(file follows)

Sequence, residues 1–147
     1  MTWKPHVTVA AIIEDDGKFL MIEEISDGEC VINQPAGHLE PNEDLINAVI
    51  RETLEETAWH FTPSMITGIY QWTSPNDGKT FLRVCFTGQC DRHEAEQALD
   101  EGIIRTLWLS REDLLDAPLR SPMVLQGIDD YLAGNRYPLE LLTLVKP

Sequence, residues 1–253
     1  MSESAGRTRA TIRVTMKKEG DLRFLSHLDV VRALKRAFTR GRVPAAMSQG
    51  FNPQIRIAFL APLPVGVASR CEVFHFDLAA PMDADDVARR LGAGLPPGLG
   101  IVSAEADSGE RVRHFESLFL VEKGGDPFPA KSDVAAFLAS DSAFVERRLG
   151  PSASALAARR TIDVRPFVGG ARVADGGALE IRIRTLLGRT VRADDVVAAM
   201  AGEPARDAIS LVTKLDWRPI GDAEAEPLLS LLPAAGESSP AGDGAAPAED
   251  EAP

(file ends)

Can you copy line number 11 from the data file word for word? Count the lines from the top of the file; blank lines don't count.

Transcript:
   251  EAP